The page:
Flour barrel lid dating to the period when Andrew McFall was the miller of Bolton`s grist mill (1881-1894)
    The caption will go here…

    At the height of the business, the cooperage supplied grist mills in Kleinburg, Woodbridge and Bolton,employing up to 20 men in the busy season.14

  • A load of barrels was shipped once a week to Caledon East while the mill in Bolton took a full load of barrels (100 barrels) every day, six days a week , transported using a customized wagon with a high rack that held 100 empty barrels in a load.15
  • Francis supplied barrels to a succession of Bolton millers during his career:  George Bolton, James Cupper Bolton, Edward Lawson, John Gardhouse and Andrew McFall
  • In the 1880s, as jute bags were introduced for storing and transporting flour,  the volume of barrels needed for grist mills diminished rapidly; but barrels had other uses including storing liquids of all kinds as well as fruit such as apples
  • James McDonald succeeded his father as cooper.  Francis died in 1892 having fathered 15 children.16

And the buildings?

  • Francis McDonald`s first cooperage is gone; but his first house at 18 Mill Street stood for well over 100 years.  In 1963 it was still standing, occupied by May Lockhart and other family members.  The house was taken down in the late 1960s
  • The second cooperage on Queen Street North was demolished by George Rutherford after he purchased the property in 1944.  George’s daughter Isabelle and her husband Raymond Bottoms live on the former cooperage site at 102 Queen Street North.17
  • Francis McDonald’s home at 96 Queen Street North still stands.  Indoor plumbing was installed around 1944

    Wagon loaded with barrels in front of Queens Hotel, Queen Street North
1914 photo of the vertical board cooperage and the 1 storey brick `foundry`
1914 photo of 96 Queen Street North and the cooperage building to the right. Tucked behind the house was the outhouse which was still in use in 1944. It became George Rutherford`s tool shed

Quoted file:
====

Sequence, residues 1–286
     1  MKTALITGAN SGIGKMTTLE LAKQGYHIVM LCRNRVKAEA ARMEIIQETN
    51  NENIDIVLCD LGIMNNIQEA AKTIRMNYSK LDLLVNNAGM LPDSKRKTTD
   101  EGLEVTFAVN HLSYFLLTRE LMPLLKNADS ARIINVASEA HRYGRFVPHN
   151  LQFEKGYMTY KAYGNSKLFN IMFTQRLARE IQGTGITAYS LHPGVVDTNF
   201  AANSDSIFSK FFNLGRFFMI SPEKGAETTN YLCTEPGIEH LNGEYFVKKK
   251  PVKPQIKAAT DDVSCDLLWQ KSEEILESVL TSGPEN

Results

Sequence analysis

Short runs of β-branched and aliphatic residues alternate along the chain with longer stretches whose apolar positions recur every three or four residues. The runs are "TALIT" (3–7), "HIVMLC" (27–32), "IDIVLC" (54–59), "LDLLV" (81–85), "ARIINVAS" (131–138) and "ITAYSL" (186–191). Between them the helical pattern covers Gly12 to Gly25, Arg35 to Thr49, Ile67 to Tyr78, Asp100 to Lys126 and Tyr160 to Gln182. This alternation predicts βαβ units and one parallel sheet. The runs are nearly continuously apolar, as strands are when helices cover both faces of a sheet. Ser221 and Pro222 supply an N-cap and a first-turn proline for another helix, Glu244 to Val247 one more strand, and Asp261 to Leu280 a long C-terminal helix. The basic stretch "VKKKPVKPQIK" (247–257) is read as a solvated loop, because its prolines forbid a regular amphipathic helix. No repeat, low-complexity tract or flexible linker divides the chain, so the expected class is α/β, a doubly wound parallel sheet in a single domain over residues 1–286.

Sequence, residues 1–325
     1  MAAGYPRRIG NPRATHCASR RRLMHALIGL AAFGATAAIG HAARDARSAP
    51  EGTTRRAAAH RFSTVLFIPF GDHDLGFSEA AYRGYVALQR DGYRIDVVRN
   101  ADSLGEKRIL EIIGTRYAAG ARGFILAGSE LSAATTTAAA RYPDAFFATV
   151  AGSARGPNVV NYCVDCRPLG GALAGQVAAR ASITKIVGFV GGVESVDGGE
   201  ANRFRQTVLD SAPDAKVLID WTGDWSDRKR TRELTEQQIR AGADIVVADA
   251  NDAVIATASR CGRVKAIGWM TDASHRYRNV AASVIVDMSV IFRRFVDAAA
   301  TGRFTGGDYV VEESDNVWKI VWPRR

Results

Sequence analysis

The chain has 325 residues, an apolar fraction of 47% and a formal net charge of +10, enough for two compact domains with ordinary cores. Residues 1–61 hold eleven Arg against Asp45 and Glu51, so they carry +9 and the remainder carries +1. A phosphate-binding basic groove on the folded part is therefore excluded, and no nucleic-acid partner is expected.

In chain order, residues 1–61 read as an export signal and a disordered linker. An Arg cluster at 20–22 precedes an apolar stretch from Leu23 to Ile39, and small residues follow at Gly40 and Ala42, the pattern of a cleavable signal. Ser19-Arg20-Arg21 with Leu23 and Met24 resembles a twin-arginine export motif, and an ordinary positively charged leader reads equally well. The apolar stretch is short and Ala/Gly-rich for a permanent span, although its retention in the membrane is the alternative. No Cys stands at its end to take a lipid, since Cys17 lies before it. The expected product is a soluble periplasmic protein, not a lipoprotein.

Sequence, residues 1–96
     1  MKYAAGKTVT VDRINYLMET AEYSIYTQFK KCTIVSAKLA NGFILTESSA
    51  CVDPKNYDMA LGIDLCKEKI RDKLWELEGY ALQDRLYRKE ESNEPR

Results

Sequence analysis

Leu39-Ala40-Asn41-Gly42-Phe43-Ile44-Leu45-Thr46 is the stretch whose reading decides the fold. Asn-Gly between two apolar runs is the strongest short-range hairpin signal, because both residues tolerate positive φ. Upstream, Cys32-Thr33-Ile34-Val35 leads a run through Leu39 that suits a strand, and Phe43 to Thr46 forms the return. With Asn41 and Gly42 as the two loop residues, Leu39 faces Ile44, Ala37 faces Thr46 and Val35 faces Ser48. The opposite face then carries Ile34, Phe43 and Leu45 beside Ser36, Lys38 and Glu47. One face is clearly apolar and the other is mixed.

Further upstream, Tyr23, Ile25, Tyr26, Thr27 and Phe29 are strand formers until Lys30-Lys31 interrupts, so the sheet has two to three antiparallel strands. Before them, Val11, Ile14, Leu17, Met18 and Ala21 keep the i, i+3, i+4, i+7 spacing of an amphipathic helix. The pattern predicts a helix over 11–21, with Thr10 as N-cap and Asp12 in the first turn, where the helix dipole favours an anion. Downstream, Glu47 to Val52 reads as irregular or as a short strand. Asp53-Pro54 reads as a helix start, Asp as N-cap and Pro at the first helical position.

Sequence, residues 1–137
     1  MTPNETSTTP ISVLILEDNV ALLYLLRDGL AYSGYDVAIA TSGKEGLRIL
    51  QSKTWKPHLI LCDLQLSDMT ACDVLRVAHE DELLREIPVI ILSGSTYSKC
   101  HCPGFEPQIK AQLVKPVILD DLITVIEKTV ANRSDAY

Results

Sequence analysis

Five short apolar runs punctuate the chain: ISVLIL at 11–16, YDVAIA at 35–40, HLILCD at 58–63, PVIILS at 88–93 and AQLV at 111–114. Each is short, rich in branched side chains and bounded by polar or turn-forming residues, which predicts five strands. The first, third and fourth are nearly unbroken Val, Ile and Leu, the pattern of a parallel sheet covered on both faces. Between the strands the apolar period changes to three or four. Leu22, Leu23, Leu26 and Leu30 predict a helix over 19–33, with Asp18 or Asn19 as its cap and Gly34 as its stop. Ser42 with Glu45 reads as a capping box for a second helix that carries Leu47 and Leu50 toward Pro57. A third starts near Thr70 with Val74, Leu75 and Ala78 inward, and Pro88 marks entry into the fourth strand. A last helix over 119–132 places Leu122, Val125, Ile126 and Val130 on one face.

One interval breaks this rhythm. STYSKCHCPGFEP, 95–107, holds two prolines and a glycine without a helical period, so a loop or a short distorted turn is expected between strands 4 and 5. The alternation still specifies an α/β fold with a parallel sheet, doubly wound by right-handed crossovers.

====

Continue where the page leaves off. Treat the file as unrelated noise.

Marriage record: Francis McDonald and Ann Long. January 12, 1840. The Catholic parish in Wildfield had a resident clergyman long before any of the Protestant churches in Bolton had resident ministers.
  1. The Enterprise.  September 1892.  Obituary.
  2. Esther Heyes.  Story of Albion.  Bolton Enterprise. Bolton, ON  1961, pg 307.  Heyes, on page 331, mentions a date of 1860 which is incorrect
  3. Voters Lists 1963
  4. Esther Heyes, pg 237
  5. ibid. pg 236
  6. St. Patrick’s, Parish Registers 1833-1910, Jan 12, 1841
  7. Esther Heyes pg 238
  8. 1851 Census
  9. Abstract Index to Deeds ALBION, Vol A&B, Lot 9, Con 7, Inst#31062
  10. Assumption based on time lapses between documented presence and when the land transaction occurred
  11. McDonald Family documents
  12. AL77, Albion villages abstract index, BLK 4, Lot 21
  13. Sold to Wesley Lockhart.  ibid.  BLK 5, Lot 8, Inst.#1936
  14. Esther Heyes, pg 331
  15. John Harper, Interview with David McFall on March 7, 1970
  16. Bruce McDonald. Document entitled ‘A Brief Bio of Francis McDonald, Bolton’s First Cooper’, December 2018
  17. Details supplied by Isabelle Rutherford Bottoms